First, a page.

You don’t have to look at a calendar to know summer is quickly drawing to a close. Look at the traffic in your hometown. Notice anything different? How about the roads leading to and from local or regional shopping malls and big box stores? With most kids and their parents hitting the stores — or the Internet — in order to get properly outfitted for the school year, the telltale signs of the fall semester are all readily available.
What’s equally important as preparing for a new school year is planning ahead for personal end-of-year adventures that can keep you motivated over the next three-and-a-half months (or in the case of spring semester adventures — eight-and-a-half months) of textbooks, term papers, quizzes, and preparing for 45-minute lectures.
With some wise planning and a vow to battle procrastination, you can have a pretty good notion as to how you’re going to spend your next holiday or seasonal break from the classroom. And by having all your ducks in a row way before the end of the year, you’ll be rewarded by having that much more time to daydream about the adventure ahead.
As for group programs at the end of this coming academic semester or year, private schools and public school districts all across the nation have already designed and implemented wilderness “rites of passage” or “capstone” trips — each targeting juniors who are becoming seniors, or 8th graders moving up into high school. These end-of-year trips provide experiences students remember for a lifetime, as well as give them many of the physical, social and emotional tools they will need during the next phase of their young lives.
Fact is, education decision-makers are coming to realize that this type of outdoor and adventure-based programming shouldn’t be isolated from the rest of the school year. Instead, the theory of experiential education is embedded in the curriculum influencing academic courses and yearlong areas of study. Students are provided with weekend “teasers” and “micro-adventures” during the year that lead up to the final experience.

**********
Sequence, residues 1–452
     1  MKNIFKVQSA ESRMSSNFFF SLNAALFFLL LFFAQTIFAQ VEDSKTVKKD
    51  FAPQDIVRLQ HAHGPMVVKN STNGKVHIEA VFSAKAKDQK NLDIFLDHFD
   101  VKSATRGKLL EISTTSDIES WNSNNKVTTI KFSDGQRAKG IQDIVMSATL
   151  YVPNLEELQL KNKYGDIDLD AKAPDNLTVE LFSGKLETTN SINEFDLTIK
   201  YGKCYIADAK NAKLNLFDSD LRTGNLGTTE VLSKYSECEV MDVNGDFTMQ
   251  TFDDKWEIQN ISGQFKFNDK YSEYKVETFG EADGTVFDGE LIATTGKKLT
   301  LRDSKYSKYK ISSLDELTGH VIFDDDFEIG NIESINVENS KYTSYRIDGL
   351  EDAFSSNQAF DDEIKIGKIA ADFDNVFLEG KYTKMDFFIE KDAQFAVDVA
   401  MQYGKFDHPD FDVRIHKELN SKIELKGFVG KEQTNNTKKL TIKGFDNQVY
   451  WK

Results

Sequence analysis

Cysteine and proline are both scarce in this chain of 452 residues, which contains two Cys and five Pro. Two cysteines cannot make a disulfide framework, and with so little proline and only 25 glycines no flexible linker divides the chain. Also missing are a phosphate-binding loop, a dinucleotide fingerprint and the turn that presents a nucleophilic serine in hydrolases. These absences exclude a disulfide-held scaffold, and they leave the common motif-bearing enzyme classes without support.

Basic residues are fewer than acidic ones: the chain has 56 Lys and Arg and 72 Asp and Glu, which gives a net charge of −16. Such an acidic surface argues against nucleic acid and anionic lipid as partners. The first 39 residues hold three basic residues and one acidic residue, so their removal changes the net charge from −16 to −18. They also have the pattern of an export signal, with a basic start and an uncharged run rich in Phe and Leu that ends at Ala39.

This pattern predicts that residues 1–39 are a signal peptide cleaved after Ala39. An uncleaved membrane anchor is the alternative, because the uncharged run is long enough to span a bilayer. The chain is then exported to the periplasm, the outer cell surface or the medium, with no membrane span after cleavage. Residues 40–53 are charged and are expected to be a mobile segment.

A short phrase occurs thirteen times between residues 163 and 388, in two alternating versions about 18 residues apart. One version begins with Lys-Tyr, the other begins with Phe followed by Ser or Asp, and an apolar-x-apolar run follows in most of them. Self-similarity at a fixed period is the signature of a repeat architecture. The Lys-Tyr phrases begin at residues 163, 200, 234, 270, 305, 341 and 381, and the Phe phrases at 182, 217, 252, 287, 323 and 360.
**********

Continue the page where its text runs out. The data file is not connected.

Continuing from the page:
And those same students come back from such abbreviated expeditions renewed, innovated and ready to be leaders in thought and action in their schools and communities.
How do we know this? We’ve been involved in creating and leading trips and courses for schools all over the country for years. From schools in California and Georgia, to ones right here in our home state of North Carolina, we see more schools wanting to help students rise to the next level and succeed even under the harshest of conditions. It has been an honor for our organization to become a big part of the culture and support team of many elementary, junior high and high schools.
If you or the schools you represent are interested in customizing an educational adventure — one that intentionally enhances your school’s or district’s culture, please let us know. We’d love to see if there’s an opportunity to work together.
When it comes to organizing outdoor education programs — even those planned for the end of the academic year — now is always better than later to tackle what ultimately leads to a smooth transition from classroom education to backcountry educational adventure.
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About the Author: Stephen Mullaney is the staff development director at The National Center for Outdoor & Adventure Education (NCOAE) in Wilmington, N.C., where he is responsible for the training and education of NCOAE’s field instructors. He is a member of the North Carolina Association of Educators (NCAE) and has taught within the Durham, N.C., public school system. Stephen received his undergraduate degree in English from Framingham State University, and his Master’s Degree in Education from North Carolina Central University.